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Journal Article

Crystal structure of the Escherichia coli RNA degradosome component enolase.


Kühnel,  K.
Research Group of Autophagy, MPI for Biophysical Chemistry, Max Planck Society;

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Kühnel, K., & Luisi, B. F. (2001). Crystal structure of the Escherichia coli RNA degradosome component enolase. Journal of Molecular Biology, 313(3), 583-592. doi:10.1006/jmbi.2001.5065.

Cite as: https://hdl.handle.net/11858/00-001M-0000-0015-8B64-B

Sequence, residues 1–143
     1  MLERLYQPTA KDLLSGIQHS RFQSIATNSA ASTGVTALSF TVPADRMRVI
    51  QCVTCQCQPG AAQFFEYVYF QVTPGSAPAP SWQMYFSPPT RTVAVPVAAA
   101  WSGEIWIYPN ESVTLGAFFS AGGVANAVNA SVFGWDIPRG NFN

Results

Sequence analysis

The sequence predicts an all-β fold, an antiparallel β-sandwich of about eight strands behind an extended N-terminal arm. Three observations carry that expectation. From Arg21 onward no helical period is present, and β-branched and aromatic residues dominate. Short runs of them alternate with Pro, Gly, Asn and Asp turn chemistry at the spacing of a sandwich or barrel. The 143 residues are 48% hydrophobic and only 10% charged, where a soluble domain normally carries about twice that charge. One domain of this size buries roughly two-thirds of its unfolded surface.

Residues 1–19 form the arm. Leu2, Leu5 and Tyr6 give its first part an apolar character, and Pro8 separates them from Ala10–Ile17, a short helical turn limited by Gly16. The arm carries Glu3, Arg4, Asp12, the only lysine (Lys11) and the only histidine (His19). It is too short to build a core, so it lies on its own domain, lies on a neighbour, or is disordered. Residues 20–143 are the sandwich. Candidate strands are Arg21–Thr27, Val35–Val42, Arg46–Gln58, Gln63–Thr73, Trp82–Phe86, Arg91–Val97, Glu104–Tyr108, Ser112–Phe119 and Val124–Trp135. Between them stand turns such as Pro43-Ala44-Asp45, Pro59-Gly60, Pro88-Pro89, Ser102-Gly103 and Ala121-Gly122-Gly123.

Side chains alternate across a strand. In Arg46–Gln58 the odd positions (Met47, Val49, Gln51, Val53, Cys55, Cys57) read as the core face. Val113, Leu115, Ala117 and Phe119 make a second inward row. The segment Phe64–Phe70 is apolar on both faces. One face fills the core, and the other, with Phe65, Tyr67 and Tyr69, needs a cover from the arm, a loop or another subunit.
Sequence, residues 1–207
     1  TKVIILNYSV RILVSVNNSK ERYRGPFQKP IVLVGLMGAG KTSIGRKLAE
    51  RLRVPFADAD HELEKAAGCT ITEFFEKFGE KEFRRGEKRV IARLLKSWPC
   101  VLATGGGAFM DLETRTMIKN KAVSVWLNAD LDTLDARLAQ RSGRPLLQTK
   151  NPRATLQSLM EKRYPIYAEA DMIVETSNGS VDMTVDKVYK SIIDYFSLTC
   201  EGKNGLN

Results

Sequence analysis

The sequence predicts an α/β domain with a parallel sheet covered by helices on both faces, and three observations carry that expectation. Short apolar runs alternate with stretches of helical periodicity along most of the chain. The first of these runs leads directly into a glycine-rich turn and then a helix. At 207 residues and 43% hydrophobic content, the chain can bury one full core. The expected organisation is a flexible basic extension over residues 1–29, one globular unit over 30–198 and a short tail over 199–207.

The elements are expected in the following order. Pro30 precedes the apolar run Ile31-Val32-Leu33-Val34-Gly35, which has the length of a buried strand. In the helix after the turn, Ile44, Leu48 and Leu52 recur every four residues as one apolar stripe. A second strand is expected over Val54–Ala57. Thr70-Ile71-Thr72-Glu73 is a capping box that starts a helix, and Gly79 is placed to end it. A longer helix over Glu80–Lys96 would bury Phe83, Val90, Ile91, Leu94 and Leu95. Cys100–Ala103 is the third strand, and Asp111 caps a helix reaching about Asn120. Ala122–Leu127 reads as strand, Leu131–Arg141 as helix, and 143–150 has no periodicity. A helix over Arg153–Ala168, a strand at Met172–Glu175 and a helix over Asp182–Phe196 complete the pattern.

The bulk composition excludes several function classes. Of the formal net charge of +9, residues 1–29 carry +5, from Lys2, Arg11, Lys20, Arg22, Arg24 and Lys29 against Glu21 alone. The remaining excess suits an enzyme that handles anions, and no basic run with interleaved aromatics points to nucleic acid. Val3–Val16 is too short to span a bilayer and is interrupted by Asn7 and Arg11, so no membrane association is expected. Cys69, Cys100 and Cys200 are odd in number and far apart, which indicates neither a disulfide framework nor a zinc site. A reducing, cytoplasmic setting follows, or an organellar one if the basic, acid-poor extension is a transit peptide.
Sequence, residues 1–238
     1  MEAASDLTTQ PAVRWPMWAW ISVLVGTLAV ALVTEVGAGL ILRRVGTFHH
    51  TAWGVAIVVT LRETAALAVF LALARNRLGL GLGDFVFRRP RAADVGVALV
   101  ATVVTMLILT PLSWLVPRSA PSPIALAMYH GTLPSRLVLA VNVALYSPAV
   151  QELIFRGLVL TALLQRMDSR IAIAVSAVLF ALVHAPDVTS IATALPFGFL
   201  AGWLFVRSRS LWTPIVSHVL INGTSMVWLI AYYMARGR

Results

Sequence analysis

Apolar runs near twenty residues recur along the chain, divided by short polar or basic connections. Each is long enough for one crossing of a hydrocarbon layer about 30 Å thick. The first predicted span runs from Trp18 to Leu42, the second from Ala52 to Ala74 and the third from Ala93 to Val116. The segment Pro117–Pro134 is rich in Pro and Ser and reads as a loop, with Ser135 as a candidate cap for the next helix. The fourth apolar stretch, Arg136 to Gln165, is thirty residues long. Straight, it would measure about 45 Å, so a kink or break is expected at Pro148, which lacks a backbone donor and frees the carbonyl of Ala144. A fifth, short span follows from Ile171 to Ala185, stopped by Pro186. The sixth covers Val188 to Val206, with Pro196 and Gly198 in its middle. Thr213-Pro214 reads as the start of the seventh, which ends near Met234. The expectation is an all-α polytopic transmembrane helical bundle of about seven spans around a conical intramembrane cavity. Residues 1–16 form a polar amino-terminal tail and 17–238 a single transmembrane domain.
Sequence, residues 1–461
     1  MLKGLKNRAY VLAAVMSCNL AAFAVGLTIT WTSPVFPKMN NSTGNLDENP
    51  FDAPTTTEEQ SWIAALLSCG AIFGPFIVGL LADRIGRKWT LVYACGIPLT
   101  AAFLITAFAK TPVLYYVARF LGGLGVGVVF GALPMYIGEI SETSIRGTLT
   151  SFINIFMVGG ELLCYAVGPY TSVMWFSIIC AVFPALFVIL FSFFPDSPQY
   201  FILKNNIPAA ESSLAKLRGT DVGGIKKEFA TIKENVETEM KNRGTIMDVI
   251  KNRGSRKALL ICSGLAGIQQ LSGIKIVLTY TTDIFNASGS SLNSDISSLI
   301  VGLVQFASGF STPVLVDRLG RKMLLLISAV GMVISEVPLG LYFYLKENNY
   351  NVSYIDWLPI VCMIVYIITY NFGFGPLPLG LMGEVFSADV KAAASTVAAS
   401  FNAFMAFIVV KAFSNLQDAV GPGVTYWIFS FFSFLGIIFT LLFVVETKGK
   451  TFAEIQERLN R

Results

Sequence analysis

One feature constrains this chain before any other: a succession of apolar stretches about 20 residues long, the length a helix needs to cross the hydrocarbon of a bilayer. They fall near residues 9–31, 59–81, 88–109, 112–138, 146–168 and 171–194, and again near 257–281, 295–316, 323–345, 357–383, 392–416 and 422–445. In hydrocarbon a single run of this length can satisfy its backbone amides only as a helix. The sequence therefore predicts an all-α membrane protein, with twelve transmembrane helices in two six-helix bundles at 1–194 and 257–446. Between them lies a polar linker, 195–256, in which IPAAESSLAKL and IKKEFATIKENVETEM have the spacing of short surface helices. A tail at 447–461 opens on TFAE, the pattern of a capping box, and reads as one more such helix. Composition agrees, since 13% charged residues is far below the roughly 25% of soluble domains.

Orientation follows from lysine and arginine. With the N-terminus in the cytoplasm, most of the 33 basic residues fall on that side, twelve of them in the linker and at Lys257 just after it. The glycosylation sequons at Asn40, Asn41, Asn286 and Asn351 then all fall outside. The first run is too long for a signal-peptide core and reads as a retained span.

The crystal structure of Escherichia coli enolase (EC, phosphopyruvate hydratase), which is a component of the RNA degradosome, has been determined at 2.5 Å. There are four molecules in the asymmetric unit of the C2 cell, and in one of the molecules, flexible loops close onto the active site. This closure mimics the conformation of the substrate-bound intermediate. A comparison of the structure of the E. coli enolase with the eukaryotic enolase structures available (lobster and yeast) indicates a high degree of conservation of the hydrophobic core and the subunit interface of this homodimeric enzyme. The dimer interface is enriched in charged residues compared with other protein homodimers, which may explain our observations from analytical ultracentrifugation that dimerisation is affected by ionic strength. The putative role of enolase in the RNA degradosome is discussed; although it was not possible to ascribe a specific role to it, a structural role is possible.